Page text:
Nikon D3300 Review - The Nikon D3300 is the manufacturer's latest entry-level DSLR, following on from a long line of successful models and trying to set new standards in entry-level DSLR photography
Nikon D3300 Review
Advancements in digital photography mean that features found on the high-end and professional models of today will – in a matter of a few years – work their way down towards the entry-level models of tomorrow.
Nikon’s entry-level DSLR range has long benefited from this drip-down effect, owing to their substantial stable of enthusiast and high-end models. As a result, over the past few years the D3100 and then the D3200 after it have become some of its most popular DSLRs.
The Nikon D3300 looks set to continue this popularity, owing to its impressive feature-set and competitive price point. The model features the same sensor as its D3200 predecessor – a 24.2MP sensor, as pixel count nearly matching that of the manufacturer’s high-end D3X.
There are a host of improvements to the D3300 in comparison to its predecessor, including the removal of the anti-aliasing filter, and as such Nikon looks to further cement the camera’s position as one of the leading entry-level DSLRs.
We take a closer look at the D3300 to see if it matches the success of its predecessors.
Nikon D3300 Review – Features
Outside of the key imaging elements of the camera’s specification – which we’ll come to later – it’s perhaps worth noting one of the features that the camera is missing.
Unlike most of the cameras in its class, the D3300 is lacking in any kind of built-in Wi-fi capabilities. Instead, if you want to make the D3300 Wi-fi capable you’ll have to purchase the external WU-1a Wi-fi adapter at an extra cost of around £60.
Although this is somewhat surprising, especially as most digital cameras these days arrive Wi-fi ready as standard, you can understand why Nikon has chosen to go down the accessory route. The key concern with the D3300 is to keep cost, and size, to a minimum and in excluding Wi-fi as standard it certainly does so.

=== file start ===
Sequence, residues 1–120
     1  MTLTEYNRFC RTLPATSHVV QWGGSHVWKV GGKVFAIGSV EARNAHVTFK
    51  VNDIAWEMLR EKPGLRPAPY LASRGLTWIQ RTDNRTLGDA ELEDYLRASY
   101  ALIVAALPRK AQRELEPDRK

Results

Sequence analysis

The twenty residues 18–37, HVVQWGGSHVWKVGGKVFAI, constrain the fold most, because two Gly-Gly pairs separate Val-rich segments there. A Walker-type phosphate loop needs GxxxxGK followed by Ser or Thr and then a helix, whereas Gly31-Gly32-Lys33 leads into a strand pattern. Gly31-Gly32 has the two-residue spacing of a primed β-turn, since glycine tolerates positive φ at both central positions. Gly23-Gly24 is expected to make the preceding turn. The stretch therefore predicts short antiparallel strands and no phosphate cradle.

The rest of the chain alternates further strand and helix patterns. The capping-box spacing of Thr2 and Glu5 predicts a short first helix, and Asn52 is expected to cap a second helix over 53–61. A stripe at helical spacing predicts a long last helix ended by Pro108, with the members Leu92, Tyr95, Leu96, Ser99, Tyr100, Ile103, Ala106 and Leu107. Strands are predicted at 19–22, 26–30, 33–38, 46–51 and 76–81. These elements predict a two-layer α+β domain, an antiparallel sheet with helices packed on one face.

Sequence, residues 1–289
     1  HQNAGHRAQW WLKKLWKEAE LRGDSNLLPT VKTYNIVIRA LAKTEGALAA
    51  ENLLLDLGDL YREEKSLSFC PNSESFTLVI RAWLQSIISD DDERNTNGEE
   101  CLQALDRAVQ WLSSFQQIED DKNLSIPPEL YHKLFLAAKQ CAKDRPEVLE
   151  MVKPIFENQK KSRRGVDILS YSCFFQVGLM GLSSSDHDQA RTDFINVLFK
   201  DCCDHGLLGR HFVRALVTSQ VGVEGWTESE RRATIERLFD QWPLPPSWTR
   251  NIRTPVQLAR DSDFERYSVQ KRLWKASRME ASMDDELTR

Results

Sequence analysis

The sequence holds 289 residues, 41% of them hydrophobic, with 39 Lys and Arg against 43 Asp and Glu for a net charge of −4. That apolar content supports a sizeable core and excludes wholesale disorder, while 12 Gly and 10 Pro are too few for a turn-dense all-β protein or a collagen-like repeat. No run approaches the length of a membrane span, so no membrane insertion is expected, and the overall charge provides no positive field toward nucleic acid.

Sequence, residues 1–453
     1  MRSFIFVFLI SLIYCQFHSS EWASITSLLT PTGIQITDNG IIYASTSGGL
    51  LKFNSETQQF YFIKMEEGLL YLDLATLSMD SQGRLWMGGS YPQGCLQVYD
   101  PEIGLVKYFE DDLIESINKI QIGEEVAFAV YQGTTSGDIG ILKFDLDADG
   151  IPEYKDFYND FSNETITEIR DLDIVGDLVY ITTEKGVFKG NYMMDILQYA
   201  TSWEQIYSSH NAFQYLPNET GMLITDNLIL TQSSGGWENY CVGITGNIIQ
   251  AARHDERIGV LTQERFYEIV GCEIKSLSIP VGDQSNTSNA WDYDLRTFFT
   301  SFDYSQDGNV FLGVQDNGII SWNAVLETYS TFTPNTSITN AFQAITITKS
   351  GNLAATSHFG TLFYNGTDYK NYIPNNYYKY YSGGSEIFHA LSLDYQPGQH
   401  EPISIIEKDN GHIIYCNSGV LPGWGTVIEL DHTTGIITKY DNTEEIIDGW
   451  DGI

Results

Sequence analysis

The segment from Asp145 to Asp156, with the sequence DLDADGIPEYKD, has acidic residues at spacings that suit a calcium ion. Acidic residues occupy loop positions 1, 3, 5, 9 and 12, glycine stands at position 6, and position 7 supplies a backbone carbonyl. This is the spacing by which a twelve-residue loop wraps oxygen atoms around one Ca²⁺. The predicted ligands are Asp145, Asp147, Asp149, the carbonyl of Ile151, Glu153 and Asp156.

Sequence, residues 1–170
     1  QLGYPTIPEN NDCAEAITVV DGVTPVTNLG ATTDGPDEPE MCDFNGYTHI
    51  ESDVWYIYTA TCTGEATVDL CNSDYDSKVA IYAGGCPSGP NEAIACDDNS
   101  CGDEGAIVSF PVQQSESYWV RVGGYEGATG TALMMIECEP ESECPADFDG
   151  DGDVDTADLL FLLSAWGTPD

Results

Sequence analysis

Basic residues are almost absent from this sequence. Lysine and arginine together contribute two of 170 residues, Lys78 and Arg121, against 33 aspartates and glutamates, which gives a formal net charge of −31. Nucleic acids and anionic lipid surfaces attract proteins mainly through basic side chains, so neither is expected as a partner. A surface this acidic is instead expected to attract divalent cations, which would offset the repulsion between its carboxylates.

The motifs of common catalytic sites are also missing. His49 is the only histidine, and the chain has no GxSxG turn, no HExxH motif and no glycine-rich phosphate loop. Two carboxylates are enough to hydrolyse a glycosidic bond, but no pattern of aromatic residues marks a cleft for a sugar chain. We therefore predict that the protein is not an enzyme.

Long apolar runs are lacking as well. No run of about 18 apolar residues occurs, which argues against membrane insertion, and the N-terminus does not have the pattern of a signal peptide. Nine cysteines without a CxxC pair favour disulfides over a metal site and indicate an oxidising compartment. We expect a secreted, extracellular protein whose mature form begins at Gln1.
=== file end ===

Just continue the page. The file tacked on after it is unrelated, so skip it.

In terms of the rest of the camera’s specification, it’s safe to say that the D3300 inherits a lot of its features from the D3200. This is no bad thing, however, as the D3200 was a camera that certainly impressed.
The model sports the same 24.2MP DX-format CMOS sensor, delivering a resolution that exceeds many of its competitors.
As mentioned previously the sensor does sport one key difference from its predecessor, and that’s the omission of an anti-alias filter. This slight modification should see an improvement of sharpness of images captured and as a result mean that the camera can make the most the high-resolution sensor.
The sensor also benefits from the implementation of Nikon’s new EXPEED 4 image processor. This new processor brings with it a host of benefits in terms of performance, and perhaps the most eye-catching of these is an increase in the continuous shooting rate from 4fps to 5fps, a figure that’s class-leading.
The processor also means that the camera’s sensor now has a maximum ISO of 25,600, up from 12,800, another feature which would have been the preserve of previous generations of enthusiast DSLRs.
There aren’t any improvements to the camera’s specification in terms of the rear of the model, with the D3300 maintaining the same 3in, 920k-dot LCD as seen on its predecessor.
The D3300 also features the same metering and AF set-ups, sporting the 420 pixel RGB sensor and 11-point AF system that served the D3200 well.